Embryo transfer (ET) is a method used to maximise a female’s reproductive potential. Under normal circumstances, a female alpaca is capable of only having one cria annually. Using embryo transfer technology, you can allow her to breed multiple times in a single year and have her embryos harvested for transfer into less valuable females that have poorer genetics that you wouldn’t necessarily think were worth breeding on their own merit. This increases the number of potential offspring that a single female is able to produce in her reproductive life. The embryos from your best females are carried by the “recipient” females and subsequently raised by those females, although their genetics is of much higher value.
How does Embryo Transfer work?
Donor females are bred naturally by the male and the embryo that forms following successful fertilisation of the egg by the sperm is harvested from the uterus after one week and transferred into a recipient female. This embryo collection takes place under sedation and is done entirely non-surgically. The recipient female is also sedated for non-surgical transfer of the embryo directly into her uterus. Donor females can be remated and flushed again in subsequent weeks to allow further collection and transfer of embryos.
Why should I choose Camelid Veterinary Services to do my Embryo Transfer Programme?
I have 17 years’ experience in reproductive techniques in South American Camelids. Furthermore, I have been trained in Embryo Transfer techniques by Jane Vaughan of Cria Genesis from Australia. Jane is a well-known veterinarian internationally and her work in Camelid Reproduction and Embryo Transfer is well known internationally. She runs an extremely successful commercial embryo transfer service in Australia and has also travelled internationally for embryo transfer and also to train selected individuals in the methods that she has developed specifically for alpacas.
Do I need to bring my females to you for Embryo Transfer?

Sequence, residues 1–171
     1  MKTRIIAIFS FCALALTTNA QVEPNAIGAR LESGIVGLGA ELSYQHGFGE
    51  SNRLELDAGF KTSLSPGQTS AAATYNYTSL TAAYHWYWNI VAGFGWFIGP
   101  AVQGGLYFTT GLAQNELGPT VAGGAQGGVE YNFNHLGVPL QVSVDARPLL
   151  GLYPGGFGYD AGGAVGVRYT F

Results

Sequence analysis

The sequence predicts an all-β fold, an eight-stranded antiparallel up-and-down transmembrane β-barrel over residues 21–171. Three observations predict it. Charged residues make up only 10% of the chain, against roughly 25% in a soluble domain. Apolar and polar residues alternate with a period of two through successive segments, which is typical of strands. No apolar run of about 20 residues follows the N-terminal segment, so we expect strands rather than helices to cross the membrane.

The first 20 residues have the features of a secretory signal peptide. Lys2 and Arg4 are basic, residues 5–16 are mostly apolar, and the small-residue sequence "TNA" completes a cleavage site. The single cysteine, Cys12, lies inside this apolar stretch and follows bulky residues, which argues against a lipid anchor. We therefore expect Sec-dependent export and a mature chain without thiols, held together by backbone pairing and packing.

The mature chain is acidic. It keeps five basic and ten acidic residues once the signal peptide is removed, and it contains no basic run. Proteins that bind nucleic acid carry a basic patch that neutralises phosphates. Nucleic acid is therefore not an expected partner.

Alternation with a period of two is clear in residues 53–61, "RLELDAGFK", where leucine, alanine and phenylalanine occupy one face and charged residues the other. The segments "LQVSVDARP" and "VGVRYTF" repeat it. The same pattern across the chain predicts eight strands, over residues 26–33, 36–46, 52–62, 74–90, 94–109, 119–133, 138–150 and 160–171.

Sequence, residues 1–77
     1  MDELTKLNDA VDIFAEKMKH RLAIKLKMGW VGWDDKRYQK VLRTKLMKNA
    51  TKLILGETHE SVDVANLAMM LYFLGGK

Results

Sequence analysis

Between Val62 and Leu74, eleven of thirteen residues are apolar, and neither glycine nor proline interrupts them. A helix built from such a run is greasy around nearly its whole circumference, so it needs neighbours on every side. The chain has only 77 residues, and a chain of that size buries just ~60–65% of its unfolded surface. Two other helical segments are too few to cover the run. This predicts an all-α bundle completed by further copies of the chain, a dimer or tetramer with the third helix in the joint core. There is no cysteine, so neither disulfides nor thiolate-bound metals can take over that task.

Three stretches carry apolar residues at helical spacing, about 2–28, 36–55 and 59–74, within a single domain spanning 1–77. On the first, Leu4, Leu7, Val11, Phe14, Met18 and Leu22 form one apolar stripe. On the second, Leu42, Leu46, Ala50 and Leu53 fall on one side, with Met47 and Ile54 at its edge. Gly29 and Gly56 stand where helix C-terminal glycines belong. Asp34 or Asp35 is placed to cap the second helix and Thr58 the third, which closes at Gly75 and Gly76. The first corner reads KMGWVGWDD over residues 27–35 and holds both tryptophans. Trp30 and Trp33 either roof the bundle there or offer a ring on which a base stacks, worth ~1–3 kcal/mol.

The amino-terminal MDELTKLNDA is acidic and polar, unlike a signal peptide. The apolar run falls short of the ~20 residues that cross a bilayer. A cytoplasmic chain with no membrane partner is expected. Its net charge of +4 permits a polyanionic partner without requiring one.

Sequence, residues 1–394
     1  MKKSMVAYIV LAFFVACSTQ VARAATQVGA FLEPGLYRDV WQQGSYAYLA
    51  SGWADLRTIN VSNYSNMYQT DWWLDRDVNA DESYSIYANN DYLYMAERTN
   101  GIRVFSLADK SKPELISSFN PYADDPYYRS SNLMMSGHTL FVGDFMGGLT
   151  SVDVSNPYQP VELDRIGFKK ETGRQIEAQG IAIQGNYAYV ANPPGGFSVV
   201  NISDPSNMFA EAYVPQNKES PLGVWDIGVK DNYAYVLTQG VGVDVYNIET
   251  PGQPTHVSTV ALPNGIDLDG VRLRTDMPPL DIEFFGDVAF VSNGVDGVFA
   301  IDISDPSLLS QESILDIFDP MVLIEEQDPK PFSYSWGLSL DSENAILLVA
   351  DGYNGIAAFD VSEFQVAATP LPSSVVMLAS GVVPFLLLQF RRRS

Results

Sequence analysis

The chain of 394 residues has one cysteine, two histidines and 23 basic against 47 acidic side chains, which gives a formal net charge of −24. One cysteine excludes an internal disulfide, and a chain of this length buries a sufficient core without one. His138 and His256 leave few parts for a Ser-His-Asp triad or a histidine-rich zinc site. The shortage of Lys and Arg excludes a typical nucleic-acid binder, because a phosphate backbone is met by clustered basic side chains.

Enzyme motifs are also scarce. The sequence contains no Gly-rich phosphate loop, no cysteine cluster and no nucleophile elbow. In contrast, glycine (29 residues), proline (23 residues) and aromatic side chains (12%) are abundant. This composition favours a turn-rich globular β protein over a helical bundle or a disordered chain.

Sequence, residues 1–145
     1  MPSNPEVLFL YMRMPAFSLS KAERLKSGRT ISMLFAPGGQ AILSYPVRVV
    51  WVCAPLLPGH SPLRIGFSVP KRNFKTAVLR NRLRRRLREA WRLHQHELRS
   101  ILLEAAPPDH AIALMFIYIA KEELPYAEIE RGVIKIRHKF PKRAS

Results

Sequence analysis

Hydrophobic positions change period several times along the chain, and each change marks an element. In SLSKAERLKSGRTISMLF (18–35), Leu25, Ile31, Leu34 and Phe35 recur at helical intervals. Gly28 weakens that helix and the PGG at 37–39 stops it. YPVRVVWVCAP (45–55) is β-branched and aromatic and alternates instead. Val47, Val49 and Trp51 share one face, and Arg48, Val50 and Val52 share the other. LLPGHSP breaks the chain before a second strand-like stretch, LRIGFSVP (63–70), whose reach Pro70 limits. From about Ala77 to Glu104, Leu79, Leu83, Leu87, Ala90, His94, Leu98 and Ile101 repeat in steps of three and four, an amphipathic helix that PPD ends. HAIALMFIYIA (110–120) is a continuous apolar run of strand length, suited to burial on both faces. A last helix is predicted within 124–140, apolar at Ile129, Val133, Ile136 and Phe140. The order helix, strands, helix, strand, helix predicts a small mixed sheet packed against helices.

No. The success of ET programmes is dependent upon a minimal stress environment. Therefore, in order to minimise the stress caused by transportation and increase the chances of success, ET is best performed on your own farm.
Is any preparation required?
Yes. It is important that any ET programme is planned and booked well in advance in order to maximise your chances of success. Pregnancy rates will be affected by the adequacy of your preparation. Donor and recipient females and the males need to be selected well in advance and sorted into groups so that they can establish their social hierarchy – the stress of herd changes should be kept well away from the time of flushing. Stressful events (eg shearing) should not be performed close to the time of flushing as they can affect an individual in many ways, sometimes for weeks. Individuals selected for inclusion in ET programmes need to be in optimal body condition: ensure that they have faecal egg counts monitored and treat for parasites appropriately, and ensure vaccinations are up to date. Above all, all animals involved in ET programmes need to be handled with minimum stress, so your handling facilities should allow this. Selenium concentrations have been shown to have a significant impact on the success of an ET programme, so checking these can be really valuable and may indicate the need for supplementation. If you are interested in performing ET, please contact us well ahead of the breeding season so that we can provide you with our preparation information and this will help you to have the best chance of success with your programme.
How much does it cost?
Please contact Claire for information on pricing and to discuss your needs.